Black Panther is the latest entry in the Marvel Cinematic Universe (MCU), and the last movie before Infinity War comes out this May. But like Wonder Woman last year it bears a special significance above and beyond just being a cool movie we wanted to see. It’s not the first superhero movie with a Black lead character (In fairly recent years we have had Blade and Hancock, and if you want to include comedies there’s been Blankman, Meteor Man, and Steel) and it’s not the first to have a predominately Black cast (that would be Meteor Man if you’re counting it) but it’s the first to have both and get major studio backing from a budgetary and marketing standpoint. And it has some unprecedented levels of inclusion behind the camera as well.

Black Panther has a black director in Ryan Coogler, black writers (Coogler and Joe Robert Cole), a black costume designer (Ruth Carter) and numerous other Black people throughout the crew. That and the studio support are as big a deal, if not bigger, than the actual cast and story itself in that it represents a radical departure in how Hollywood blockbusters are staffed, and how movies with predominately Black casts are handled by major studios. Why does that matter? Because opportunities for some breed opportunities for others. A little over 30 years ago Eddie Murphy was giving breaks to Chris Rock, the Wayans family, Robert Townsend and Aresnio Hall. Over the last 10 years Tyler Perry has given major screen time to Tajari P. Henson, Idris Elba, Kimberly Elise and several other Black actors and actresses who would parlay those roles into future work. Coogler is picking up that baton and carrying it forward.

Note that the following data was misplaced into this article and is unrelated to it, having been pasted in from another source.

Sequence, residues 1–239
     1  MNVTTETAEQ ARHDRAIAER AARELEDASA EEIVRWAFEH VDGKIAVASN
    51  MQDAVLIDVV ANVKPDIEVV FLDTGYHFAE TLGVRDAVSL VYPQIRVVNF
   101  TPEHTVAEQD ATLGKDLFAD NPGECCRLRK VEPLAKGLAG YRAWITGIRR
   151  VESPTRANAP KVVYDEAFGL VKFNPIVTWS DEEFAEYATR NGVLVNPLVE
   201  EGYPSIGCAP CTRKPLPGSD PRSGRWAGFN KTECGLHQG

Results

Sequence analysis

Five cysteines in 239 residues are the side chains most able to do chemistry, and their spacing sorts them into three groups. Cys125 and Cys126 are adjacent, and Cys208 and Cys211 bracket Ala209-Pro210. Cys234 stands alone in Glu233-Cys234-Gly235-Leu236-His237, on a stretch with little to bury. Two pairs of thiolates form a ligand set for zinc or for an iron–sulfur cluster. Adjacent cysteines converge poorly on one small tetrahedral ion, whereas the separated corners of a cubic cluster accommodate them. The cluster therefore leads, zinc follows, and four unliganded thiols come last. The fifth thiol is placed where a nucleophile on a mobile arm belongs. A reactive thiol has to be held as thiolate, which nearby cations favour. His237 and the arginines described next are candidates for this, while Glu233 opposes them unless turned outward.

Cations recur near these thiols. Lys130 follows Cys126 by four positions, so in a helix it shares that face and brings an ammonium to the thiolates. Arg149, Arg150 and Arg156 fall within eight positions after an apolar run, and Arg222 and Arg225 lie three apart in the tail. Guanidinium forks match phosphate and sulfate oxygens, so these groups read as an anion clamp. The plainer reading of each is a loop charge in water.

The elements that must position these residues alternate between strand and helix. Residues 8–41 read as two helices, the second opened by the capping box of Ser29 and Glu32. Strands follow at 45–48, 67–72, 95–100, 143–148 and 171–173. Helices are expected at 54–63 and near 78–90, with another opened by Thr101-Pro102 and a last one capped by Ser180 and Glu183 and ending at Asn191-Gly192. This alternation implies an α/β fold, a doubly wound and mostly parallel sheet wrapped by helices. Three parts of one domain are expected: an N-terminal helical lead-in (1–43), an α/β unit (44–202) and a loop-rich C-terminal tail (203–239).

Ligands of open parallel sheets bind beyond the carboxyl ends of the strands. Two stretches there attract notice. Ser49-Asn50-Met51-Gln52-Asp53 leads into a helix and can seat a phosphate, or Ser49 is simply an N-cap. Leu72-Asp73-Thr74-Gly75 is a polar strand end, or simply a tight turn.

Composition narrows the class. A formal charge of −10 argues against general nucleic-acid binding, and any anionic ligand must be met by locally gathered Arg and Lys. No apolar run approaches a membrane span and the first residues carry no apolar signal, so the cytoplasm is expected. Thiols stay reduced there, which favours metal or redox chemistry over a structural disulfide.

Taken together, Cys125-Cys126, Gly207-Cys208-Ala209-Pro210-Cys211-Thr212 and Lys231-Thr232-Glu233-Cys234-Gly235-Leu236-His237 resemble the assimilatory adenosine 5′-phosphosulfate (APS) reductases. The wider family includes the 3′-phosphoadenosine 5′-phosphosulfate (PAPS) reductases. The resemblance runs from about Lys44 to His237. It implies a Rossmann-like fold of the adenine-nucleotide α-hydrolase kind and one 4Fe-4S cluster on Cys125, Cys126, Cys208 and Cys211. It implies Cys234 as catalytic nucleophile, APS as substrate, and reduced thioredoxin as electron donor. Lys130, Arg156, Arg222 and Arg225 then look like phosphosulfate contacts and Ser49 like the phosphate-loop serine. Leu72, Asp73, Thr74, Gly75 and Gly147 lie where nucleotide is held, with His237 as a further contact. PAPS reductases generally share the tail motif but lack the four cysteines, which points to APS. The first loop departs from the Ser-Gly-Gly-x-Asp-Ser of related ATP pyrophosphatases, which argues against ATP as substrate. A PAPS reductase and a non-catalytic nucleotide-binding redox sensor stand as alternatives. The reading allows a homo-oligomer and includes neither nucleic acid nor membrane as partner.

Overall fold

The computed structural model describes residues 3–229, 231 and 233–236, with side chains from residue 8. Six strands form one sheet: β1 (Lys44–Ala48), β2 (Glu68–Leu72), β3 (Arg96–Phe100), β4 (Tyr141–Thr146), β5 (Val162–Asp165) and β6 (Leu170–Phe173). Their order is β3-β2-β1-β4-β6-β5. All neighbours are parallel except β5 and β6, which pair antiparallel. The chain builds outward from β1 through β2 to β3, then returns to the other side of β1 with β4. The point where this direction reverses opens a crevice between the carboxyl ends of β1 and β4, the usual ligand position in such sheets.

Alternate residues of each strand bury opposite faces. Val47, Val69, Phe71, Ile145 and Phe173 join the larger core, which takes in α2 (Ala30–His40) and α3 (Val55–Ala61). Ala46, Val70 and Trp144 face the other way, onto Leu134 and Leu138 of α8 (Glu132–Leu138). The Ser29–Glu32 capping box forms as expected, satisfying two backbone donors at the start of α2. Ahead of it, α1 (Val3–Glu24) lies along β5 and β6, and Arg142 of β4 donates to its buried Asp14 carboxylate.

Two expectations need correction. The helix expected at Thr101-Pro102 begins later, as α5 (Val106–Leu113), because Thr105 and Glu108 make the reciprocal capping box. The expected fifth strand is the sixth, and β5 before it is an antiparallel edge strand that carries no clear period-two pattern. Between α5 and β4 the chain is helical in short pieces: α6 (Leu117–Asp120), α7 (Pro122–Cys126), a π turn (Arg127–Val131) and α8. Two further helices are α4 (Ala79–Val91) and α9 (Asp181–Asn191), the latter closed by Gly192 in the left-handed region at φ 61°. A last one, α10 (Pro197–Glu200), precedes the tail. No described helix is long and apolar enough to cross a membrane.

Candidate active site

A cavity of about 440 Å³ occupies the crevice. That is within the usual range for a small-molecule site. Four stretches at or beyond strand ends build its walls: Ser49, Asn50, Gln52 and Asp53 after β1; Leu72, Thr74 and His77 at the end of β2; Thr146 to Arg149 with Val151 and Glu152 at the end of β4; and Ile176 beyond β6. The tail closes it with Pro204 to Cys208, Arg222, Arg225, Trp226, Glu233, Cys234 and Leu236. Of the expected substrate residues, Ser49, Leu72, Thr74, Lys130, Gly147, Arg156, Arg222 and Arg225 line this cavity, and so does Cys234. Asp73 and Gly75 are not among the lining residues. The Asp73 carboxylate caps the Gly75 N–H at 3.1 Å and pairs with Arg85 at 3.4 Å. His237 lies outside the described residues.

But none of that matters if the movie isn’t any good, or fails at the box office. Well if you’ve read the news lately you know that neither one of those is the case. Before I get into details I’ll go ahead and say that yeah, this is a good one and worth your money. Just how good is it? I’ll get to my answer on that in a minute. But first, a little of the setup here. The movie takes place a week after Captain America: Civil War. T’Challa is mourning the death of his father T’Chaka and is poised to take his place as king of Wakanda (whoa….almost typed Zamunda there), a fictional African country that is technologically advanced far beyond the rest of the world, has never been colonized, and exists in isolation from the rest of the world while putting up a front that they are an impoverished third world country. And while that’s going on Eric Killmonger, T’Challa’s cousin who was orphaned and abandoned in America when T’Chaka killed his father, is plotting his way into the country to take revenge and the throne for himself.